President Donald Trump's former personal lawyer, Michael Cohen, pleaded guilty in New York on Tuesday to campaign finance violations and other charges, saying he made payments to influence the 2016 election at the direction of a candidate for federal office.
Cohen, 51, appearing in federal court in Manhattan, pleaded guilty to one count of willfully causing an unlawful corporate campaign contribution and one count of making an excessive campaign contribution.
He said he arranged to make payments "for (the) principal purpose of influencing (the) election" at the direction of a candidate for federal office. He did not give the candidate's name.
Cohen, who agreed to a plea bargain with federal prosecutors earlier in the day, also pleaded guilty to five counts of tax fraud and one count of making false statements to a financial institution.
Cohen's deal includes a possible prison sentence of up to five years and three months, Judge William Pauley III said during the hearing.
The guilty pleas came in the same hour that a federal jury in Alexandria, Virginia, convicted former Trump campaign chairman Paul Manafort of eight charges of tax and bank fraud and failing to disclose foreign bank accounts. A jury said it could not reach consensus on the other 10 charges against him.
Jurors, after almost four days of deliberations, found Manafort guilty of two of nine bank fraud charges, all five tax fraud charges he faced and one of four charges of failing to disclose foreign bank accounts.
Judge T.S. Ellis declared a mistrial on 10 of the 18 counts, after the jury told him it could not reach a verdict on those charges.
Manafort stood quietly while the verdict was being read by the clerk. At the conclusion, the prosecutors hugged one another and then the prosecution and the defense shook hands.
Manafort's lawyer, Kevin Downing, told reporters afterward that his client was disappointed in the verdict and was evaluating his options.
The trial of Manafort, a veteran Republican operative, was the first stemming from Special Counsel Robert Mueller's investigation of Russia's role in the 2016 U.S. election. The charges against Manafort largely predate his work on President Donald Trump's successful campaign.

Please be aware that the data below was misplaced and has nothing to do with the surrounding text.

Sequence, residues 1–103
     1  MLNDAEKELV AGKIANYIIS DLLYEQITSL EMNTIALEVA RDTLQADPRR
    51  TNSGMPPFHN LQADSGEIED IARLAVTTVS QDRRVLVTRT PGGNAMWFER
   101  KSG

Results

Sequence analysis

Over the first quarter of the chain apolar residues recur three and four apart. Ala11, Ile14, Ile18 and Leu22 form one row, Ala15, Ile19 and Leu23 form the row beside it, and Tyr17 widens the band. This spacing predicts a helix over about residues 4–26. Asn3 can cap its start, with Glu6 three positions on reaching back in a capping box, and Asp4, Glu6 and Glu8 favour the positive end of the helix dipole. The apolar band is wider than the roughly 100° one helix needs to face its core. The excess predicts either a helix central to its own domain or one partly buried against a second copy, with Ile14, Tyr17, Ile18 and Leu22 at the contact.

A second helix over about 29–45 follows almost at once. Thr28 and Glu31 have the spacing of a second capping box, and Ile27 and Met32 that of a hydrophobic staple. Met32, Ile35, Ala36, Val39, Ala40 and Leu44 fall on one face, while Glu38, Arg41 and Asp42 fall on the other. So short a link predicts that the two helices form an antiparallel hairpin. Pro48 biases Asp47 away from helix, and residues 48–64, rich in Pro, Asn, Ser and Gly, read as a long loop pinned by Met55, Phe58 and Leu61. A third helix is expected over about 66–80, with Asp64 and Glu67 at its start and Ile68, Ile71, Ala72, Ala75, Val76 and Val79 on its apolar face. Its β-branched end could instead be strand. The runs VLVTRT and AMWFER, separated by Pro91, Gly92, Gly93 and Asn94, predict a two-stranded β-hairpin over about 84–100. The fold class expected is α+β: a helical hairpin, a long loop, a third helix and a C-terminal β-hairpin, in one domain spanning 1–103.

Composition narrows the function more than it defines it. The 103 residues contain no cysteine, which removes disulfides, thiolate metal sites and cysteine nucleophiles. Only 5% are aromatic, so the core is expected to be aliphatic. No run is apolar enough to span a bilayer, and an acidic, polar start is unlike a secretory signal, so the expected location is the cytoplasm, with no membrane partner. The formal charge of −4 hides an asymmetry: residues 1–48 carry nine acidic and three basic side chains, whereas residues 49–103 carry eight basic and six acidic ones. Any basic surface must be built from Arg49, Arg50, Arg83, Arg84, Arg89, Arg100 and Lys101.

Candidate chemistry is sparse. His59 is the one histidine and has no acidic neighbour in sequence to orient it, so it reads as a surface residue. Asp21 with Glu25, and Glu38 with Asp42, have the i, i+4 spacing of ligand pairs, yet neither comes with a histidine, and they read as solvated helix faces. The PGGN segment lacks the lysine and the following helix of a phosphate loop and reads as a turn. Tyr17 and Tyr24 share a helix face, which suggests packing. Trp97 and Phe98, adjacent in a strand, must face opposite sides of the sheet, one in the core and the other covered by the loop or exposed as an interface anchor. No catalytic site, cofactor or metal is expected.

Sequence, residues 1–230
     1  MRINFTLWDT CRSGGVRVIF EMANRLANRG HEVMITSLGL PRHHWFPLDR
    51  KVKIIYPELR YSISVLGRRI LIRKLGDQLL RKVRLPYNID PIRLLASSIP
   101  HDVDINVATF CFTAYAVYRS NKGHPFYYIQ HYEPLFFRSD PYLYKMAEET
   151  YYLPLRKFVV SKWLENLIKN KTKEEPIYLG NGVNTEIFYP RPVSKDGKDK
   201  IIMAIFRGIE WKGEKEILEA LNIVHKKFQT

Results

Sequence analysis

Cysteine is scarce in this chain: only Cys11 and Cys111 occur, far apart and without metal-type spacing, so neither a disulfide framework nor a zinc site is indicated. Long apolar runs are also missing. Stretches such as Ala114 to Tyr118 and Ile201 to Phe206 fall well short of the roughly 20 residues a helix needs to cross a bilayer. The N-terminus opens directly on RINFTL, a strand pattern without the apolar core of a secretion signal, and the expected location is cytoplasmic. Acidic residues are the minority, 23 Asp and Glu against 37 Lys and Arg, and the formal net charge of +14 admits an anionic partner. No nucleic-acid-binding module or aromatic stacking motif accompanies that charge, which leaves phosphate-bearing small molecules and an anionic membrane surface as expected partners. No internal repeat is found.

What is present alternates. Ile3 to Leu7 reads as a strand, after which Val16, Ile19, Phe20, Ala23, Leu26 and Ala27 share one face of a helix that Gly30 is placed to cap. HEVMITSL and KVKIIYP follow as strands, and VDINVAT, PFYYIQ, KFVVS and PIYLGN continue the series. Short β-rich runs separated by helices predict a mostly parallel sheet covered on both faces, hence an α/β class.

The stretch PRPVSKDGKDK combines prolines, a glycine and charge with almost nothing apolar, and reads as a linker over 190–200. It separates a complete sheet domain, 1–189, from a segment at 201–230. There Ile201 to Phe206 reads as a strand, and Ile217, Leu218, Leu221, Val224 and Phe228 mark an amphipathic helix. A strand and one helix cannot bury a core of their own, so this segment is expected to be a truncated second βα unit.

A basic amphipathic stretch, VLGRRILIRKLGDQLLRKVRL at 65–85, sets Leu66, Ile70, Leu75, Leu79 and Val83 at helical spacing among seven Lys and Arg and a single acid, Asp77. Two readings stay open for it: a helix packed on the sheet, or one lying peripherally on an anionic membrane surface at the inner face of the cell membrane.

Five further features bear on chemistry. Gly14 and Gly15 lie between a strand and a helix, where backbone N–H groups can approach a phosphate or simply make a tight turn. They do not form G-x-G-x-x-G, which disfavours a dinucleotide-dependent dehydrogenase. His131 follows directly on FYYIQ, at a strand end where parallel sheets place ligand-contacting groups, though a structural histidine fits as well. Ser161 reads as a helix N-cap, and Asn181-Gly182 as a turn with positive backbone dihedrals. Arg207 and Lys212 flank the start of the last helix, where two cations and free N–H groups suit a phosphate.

But the verdict appeared to be at least a partial victory for Mueller, whose probe Trump has repeatedly criticized.
Manafort's conviction on the eight counts came on the same day as Trump's former personal lawyer, Michael Cohen,, pleaded guilty in New York to campaign finance violations and other charges.
Manafort was convicted on two of the most serious counts — bank fraud — each of which carries a prison term of up to 30 years.
Mark Warner, the senior Democrat on the US Senate Intelligence Committee, said in a statement that the Manafort verdict refuted Trump’s repeated charge that the Mueller investigation was a "witch hunt."
He warned that any attempt by Trump to use his presidential powers to pardon Manafort or interfere in Mueller’s probe "would be a gross abuse of power and require immediate action by Congress."
No date set for sentencing
In the Alexandria, Virginia, courtroom, Ellis gave the prosecution until Aug. 29 to decide whether to retry Manafort on the charges on which the jury deadlocked. As a result, the judge did not set a sentencing date for the other charges.
After the jury was dismissed, the judge told Manafort to stand at the podium and told him to help prepare the sentencing report. "The government and Mr. Manafort received very effective and zealous representation," the judge said.
Ellis asked jurors whether they would like to have their names remain secret and they said yes. He told them, however, that they could speak publicly about the case if they wanted.
Prosecutors accused Manafort, 69, of hiding from U.S. tax authorities $16 million he earned as a political consultant for pro-Russian politicians in Ukraine to fund an opulent lifestyle and then lying to banks to secure $20 million in loans after his Ukrainian income dried up and he needed cash.
The verdicts completed a stunning fall for Manafort, a once-powerful political fixer and consultant and well-known figure in Republican politics for decades.
While Trump has sought to play down his connections to him, Manafort worked for five months on Trump's 2016 campaign during a pivotal period in the presidential race, including three months as chairman.
By Karen Freifeld, Nathan Layne, Ginger Gibson and Brendan Pierson/Reuters